1 2 3 4 5 6 7 8 9 10 11 12 13 14 15 16 17 18 19 20 21 | import matplotlib.pyplot as plt import numpy as np from random import gauss # generating dummy temperature data over space sample = 10 x = np.arange(sample) temp = list() for i in range(0,sample): temp.append(gauss(27,0.2)) # gauss(mean, std) y = np.array(temp) # plotting the signal waveform #plt.title('Waveform of temparature signal') plt.xlabel('Distance (m)') plt.ylabel('Temperature (C)') plt.ylim(25, 29) plt.grid(True) plt.plot(x, y) plt.show() |

__What is the__**Waveform**of a signal ?

When we plot the variation of the first parameter against the second parameter of a signal, what we get is the

*Waveform*of the signal. In the previous two scenarios, what we have drawn are Waveforms of the two signals. It shows the shape of our signal nicely. But, there are some other aspects of a signal to look at other than its*Waveform*. We will see them later.**Mean**and**Standard deviation**of a signal

Now we know what signals are and how to represent their waveform in a graph. By looking at the source codes shown above, it is obvious that we can simply represent any signal in an array in computer memory. When we have a signal, we can look at their statistical properties and the most important two properties comes in to the stage are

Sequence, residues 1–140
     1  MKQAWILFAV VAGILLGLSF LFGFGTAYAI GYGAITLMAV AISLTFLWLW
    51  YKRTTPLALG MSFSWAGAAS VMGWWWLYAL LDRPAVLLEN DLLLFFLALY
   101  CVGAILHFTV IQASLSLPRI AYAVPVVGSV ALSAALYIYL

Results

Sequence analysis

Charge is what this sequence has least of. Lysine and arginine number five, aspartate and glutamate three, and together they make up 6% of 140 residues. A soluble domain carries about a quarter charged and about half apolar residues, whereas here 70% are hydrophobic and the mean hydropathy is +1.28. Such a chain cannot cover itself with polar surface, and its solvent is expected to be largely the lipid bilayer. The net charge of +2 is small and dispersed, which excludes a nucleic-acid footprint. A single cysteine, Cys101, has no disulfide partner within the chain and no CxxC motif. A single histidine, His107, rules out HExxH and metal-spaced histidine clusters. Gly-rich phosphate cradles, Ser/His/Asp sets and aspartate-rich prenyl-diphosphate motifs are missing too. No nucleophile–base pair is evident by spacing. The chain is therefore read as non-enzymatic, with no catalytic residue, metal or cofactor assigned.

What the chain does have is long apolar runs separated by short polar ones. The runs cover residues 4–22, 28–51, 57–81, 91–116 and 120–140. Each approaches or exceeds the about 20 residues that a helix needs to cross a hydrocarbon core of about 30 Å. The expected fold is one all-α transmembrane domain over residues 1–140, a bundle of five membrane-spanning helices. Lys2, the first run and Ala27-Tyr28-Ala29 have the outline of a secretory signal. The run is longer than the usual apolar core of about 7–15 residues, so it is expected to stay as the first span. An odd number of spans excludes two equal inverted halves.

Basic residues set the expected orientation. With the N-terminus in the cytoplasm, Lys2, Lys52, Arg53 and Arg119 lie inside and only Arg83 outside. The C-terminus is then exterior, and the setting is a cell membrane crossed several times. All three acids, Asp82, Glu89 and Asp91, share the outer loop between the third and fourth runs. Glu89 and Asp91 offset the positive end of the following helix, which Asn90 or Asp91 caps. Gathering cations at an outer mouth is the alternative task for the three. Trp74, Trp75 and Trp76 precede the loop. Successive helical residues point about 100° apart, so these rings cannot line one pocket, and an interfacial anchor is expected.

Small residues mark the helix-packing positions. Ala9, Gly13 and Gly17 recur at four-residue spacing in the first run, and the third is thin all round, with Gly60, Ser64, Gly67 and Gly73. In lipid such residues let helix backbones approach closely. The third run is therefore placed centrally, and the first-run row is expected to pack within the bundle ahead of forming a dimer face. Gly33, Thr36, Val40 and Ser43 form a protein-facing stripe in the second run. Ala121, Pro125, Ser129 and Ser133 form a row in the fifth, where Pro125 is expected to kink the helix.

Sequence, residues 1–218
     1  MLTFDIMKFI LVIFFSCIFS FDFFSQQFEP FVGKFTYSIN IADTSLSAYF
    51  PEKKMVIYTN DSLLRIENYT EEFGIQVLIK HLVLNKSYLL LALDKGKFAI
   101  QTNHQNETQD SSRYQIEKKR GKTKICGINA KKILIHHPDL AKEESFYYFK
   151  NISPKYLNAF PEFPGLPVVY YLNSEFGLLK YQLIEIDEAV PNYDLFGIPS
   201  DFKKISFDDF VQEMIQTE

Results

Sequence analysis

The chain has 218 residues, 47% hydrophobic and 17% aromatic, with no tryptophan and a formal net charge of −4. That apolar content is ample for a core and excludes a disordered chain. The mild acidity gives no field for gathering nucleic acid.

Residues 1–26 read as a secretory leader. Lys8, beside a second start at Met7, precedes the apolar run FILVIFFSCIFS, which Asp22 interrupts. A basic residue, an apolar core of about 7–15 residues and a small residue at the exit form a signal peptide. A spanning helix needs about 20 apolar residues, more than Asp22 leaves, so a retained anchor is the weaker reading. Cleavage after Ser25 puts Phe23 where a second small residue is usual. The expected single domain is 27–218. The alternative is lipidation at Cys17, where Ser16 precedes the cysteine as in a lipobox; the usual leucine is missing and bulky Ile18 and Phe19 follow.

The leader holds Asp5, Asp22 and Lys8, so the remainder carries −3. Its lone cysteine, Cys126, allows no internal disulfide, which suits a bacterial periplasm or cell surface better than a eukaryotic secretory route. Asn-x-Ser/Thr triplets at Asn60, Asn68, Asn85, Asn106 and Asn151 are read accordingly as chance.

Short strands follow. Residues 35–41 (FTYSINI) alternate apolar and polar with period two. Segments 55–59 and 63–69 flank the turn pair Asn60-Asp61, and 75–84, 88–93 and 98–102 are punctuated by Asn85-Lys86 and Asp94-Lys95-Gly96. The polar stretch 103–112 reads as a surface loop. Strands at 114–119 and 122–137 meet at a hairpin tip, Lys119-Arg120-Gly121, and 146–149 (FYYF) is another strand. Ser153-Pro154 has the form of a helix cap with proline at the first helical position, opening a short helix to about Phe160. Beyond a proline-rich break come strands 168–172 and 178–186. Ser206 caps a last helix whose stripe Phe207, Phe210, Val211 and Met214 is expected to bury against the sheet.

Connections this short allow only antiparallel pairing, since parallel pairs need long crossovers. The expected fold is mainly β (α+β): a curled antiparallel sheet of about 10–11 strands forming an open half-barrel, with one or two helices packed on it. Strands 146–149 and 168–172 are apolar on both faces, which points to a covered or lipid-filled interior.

*Mean*and

*Standard deviation*of the signal's data samples.

Mean (\( \mu \)) is simply the average value of the data points in a signal. Mathematically, it can be represented as follows where \( x \) is the array containing our signal.

$$\mu = \frac{1}{N} \sum_{i=0}^{N-1} x_i$$

Standard Deviation (\( \sigma \)) of a signal is a measure of how much the signal data points are deviated from the mean value of the signal. Mathematically, it can be represented as follows where \( x \) is the array containing our signal and \( \mu \) is the mean of the signal which we have calculated already.

$$\sigma^{2} = \frac{1}{N-1} \sum_{i=0}^{N-1} (x_i - \mu)^{2}$$

Following program reads a wave file and then calculate the mean and standard deviation of the signal. It is interesting to note that a wave file is in stereo format where we have two channels. Therefore, we select one channel to plot the waveform graph as shown in the code example.

When we are looking at a signal coming from some source, the mean value represents the actual value which we need to observe. Meanwhile, the standard deviation represents the errors or the noise that deviate our observed values. Therefore, we can divide the mean by standard deviation to get a ratio which represents how good our signal is compared to the background noise. We call this ratio

I like the following explanation given in Stack Exchange by John D. Cook. It illustrates the difference between probability and statistics in a nice way.

Let's say we have a jar of red and green jellybeans.

Now we are going to look at another way of illustrating a signal graphically. Let's think about our temperature measurement experiment again. We have a temperature sensor along with a clock so that we can take readings of room temperature at equally spaced time intervals. We can draw the waveform of this signal as follow.